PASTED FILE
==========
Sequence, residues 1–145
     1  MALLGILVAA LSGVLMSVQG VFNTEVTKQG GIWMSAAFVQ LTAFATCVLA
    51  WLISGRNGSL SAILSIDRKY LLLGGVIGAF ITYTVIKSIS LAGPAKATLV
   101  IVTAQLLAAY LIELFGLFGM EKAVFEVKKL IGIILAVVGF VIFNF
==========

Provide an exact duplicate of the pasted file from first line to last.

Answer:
Sequence, residues 1–145
     1  MALLGILVAA LSGVLMSVQG VFNTEVTKQG GIWMSAAFVQ LTAFATCVLA
    51  WLISGRNGSL SAILSIDRKY LLLGGVIGAF ITYTVIKSIS LAGPAKATLV
   101  IVTAQLLAAY LIELFGLFGM EKAVFEVKKL IGIILAVVGF VIFNF